Friday, February 24, 2012



Reading this story is a little like walking into a dark tunnel. I can’t see where it’s going. I can’t even see very far in front of me, but once I emerge from the other end my surroundings are illuminated again. Like Simner’s other works, this tale has a dreamy, surreal taste to it. Forget predicting what will happen next. Forget finding the meaning; you can grasp at vague morals, but, like any dream, there are many possible interpretations to the point that definitive conclusions are arbitrary.

For THIEF EYES, Simner pulls from Icelandic mythology. A year ago Haley’s mother disappeared when she and her parents visited Iceland. Now, against her father’s better judgment, he’s taking her back there and she’s determined to find her mother, or at least learn more about what happened to her. What she couldn’t have imagined is that magic and a curse handed down through generations are at the root of her pain.

In my reviews of Simner’s BONES OF FAERIE books, I mention her skill with complicated (and hence more realistic) relationships. In THIEF EYES, a love triangle emerges, perhaps an overdone staple of young adult fantasy these days. However, Simner tackles this issue with more compassion and insight than most young adult and adult books alike. First, she remains a storyteller not a preacher. Her writing allows us to forget about the author and only think about Haley. In some literary love triangles, it’s easy to pick out the author’s first choice and sometimes you can even sense didactic or judgmental vibes about having your cake and…well, you know. Second, I can imagine Haley with either boy. They’re both likable and different without being exaggerated opposites. I find myself frustrated by love triangles where one of the “suitors” is ruled out by death, an unforgivable action, or an ultimately incompatible trait. I much prefer the more complex situation, like Haley’s, where both are nice guys and she could be happy with either, so she has to make a choice herself rather than let fate resolve the question for her. Third, rather than utilizing the love triangle simply for dramatic spice, Simner mines Haley’s predicament for beautifully-posed themes about both young love and a question that many spend their lives pondering: is it possible to love more than one person?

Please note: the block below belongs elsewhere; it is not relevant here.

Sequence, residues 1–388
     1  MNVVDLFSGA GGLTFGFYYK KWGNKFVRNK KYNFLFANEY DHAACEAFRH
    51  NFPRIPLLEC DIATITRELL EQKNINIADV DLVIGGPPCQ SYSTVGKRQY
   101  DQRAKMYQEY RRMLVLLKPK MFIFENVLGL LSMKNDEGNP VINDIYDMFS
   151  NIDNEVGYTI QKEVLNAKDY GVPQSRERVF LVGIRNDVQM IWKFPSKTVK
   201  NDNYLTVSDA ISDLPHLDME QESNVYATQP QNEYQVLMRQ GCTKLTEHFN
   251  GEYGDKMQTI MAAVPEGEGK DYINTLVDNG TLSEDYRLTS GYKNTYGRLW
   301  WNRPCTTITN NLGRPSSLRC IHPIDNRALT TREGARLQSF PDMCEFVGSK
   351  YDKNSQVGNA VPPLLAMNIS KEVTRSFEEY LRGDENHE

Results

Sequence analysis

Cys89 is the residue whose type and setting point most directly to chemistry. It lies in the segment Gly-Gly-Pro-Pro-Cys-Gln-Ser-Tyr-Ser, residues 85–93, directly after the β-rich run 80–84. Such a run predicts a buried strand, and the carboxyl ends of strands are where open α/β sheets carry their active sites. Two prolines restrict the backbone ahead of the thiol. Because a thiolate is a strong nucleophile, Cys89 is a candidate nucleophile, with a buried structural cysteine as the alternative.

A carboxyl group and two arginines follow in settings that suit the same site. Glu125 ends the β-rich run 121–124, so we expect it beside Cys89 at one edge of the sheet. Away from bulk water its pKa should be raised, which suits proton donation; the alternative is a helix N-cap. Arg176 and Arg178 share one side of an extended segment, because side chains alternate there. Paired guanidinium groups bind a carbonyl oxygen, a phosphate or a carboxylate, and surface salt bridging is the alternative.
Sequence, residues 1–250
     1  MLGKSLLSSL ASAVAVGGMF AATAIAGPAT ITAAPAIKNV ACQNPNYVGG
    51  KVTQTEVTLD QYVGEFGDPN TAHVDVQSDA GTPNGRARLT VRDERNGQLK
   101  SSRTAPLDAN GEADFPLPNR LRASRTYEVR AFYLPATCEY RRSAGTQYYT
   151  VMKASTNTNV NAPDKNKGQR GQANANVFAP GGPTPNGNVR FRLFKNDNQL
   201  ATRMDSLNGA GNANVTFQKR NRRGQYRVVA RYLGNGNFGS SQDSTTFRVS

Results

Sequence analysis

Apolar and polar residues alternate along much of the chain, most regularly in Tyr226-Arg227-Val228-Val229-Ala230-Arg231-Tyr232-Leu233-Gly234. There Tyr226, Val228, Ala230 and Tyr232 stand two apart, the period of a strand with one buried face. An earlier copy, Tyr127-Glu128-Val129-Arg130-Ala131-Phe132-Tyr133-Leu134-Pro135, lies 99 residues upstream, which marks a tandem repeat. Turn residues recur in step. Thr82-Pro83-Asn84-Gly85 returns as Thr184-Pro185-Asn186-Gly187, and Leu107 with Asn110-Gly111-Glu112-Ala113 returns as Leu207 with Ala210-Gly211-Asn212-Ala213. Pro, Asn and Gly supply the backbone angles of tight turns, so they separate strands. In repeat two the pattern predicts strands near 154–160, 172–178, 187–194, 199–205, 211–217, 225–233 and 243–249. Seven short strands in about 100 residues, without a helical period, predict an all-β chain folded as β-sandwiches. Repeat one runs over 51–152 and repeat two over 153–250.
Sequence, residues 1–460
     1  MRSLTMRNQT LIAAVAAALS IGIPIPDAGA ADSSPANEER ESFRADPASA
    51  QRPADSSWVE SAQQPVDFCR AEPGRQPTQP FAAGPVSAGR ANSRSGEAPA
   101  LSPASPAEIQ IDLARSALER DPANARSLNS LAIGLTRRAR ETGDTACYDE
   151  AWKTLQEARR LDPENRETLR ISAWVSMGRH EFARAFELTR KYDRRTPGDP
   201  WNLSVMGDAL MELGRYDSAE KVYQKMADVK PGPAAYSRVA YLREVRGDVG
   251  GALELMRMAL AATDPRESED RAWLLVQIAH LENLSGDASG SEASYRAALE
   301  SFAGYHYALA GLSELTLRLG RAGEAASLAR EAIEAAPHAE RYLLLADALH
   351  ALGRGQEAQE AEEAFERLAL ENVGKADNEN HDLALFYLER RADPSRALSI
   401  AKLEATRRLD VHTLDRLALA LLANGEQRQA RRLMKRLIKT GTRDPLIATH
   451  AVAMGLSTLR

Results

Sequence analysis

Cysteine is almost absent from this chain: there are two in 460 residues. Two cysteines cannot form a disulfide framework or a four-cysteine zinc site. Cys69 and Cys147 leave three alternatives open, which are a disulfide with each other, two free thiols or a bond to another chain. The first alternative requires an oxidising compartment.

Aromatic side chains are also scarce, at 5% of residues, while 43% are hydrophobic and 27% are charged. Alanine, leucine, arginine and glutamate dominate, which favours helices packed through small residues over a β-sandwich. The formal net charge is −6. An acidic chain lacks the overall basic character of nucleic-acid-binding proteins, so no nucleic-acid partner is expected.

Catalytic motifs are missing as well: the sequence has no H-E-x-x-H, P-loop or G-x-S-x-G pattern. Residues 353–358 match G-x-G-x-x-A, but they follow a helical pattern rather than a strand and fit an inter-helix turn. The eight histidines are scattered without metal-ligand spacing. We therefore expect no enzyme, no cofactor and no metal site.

I can’t wrap up this review without mentioning Simner’s mastery of vivid sensory imagery. She can describe the cold so that I fetch a blanket or portray a sound so that I look up. In particular, I adored the passages about Haley running. I run myself and could relate to this sense that you just want to go faster and faster and if you could you would never stop. Of course, your body heats up when you exercise, so a fantasy twist that Haley might actually run so fast and so far that she bursts into flames taps into the actual feeling of adrenaline being released into the body during a run. The only problem is that these passages were so powerful they made me want to put down the book and go running instead!

I found the right amount of closure in the ending. It’s a good stopping point, but Haley’s sixteen and her life is only just beginning. The end leaves room for the reader to imagine all the possible futures ahead of her and cross their fingers that she finds a happy one.

Friday, February 17, 2012


Interview with Yvonne Collins

When I'm not writing books with Sandy, I can usually be found on a film set, where life is anything but dull. I've hung off the side of Toronto's CN tower, faced down a Grizzly bear, danced with Gregory Hines, and shared a beer with Ireland's Lord Guinness. And to think I almost became a cop.

What are you reading right now?